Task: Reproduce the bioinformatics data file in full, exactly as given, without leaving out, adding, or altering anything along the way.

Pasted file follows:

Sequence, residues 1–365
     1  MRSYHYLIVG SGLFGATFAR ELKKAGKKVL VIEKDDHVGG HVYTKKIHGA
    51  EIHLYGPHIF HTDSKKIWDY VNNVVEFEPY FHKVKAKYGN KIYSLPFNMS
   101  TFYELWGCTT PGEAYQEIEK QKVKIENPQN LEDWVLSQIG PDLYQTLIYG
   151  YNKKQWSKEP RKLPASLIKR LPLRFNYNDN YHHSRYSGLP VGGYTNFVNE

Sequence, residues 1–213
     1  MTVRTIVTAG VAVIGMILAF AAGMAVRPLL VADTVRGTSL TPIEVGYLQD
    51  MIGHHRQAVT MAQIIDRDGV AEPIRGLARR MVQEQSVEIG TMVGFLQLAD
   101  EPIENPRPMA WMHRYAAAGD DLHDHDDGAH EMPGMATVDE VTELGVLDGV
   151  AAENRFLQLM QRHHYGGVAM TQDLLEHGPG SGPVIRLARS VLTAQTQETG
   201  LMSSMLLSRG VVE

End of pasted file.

Sequence, residues 1–365
     1  MRSYHYLIVG SGLFGATFAR ELKKAGKKVL VIEKDDHVGG HVYTKKIHGA
    51  EIHLYGPHIF HTDSKKIWDY VNNVVEFEPY FHKVKAKYGN KIYSLPFNMS
   101  TFYELWGCTT PGEAYQEIEK QKVKIENPQN LEDWVLSQIG PDLYQTLIYG
   151  YNKKQWSKEP RKLPASLIKR LPLRFNYNDN YHHSRYSGLP VGGYTNFVNE

Sequence, residues 1–213
     1  MTVRTIVTAG VAVIGMILAF AAGMAVRPLL VADTVRGTSL TPIEVGYLQD
    51  MIGHHRQAVT MAQIIDRDGV AEPIRGLARR MVQEQSVEIG TMVGFLQLAD
   101  EPIENPRPMA WMHRYAAAGD DLHDHDDGAH EMPGMATVDE VTELGVLDGV
   151  AAENRFLQLM QRHHYGGVAM TQDLLEHGPG SGPVIRLARS VLTAQTQETG
   201  LMSSMLLSRG VVE